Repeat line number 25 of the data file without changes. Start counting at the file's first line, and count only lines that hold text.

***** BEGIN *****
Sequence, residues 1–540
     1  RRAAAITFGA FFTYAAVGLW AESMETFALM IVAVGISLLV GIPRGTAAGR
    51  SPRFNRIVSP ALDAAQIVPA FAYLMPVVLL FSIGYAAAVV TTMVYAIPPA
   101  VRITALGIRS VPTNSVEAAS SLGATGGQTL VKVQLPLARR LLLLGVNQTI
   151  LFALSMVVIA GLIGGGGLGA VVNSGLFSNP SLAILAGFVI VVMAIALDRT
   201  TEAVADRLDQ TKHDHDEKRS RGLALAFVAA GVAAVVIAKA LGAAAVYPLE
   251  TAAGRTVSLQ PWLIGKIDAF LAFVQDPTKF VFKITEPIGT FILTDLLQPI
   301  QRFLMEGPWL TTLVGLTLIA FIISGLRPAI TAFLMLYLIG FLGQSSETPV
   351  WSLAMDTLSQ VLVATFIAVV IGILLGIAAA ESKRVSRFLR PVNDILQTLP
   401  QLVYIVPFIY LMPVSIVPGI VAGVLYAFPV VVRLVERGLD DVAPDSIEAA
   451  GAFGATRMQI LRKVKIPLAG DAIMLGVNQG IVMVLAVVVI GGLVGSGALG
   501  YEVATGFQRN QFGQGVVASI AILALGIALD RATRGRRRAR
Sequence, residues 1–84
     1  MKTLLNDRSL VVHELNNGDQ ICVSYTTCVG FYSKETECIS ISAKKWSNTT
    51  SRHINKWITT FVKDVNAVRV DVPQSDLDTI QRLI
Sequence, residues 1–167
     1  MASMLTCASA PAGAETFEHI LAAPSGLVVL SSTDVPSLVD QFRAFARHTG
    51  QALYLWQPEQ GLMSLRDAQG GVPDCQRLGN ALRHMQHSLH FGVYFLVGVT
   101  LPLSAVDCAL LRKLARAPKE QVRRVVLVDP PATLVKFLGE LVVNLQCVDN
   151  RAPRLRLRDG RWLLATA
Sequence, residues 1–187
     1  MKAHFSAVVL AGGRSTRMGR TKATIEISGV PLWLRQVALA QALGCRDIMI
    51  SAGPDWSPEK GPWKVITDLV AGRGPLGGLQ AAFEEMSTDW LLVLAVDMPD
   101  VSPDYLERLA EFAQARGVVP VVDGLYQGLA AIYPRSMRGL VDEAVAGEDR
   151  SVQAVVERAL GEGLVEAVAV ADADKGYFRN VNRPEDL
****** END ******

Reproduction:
   151  SVQAVVERAL GEGLVEAVAV ADADKGYFRN VNRPEDL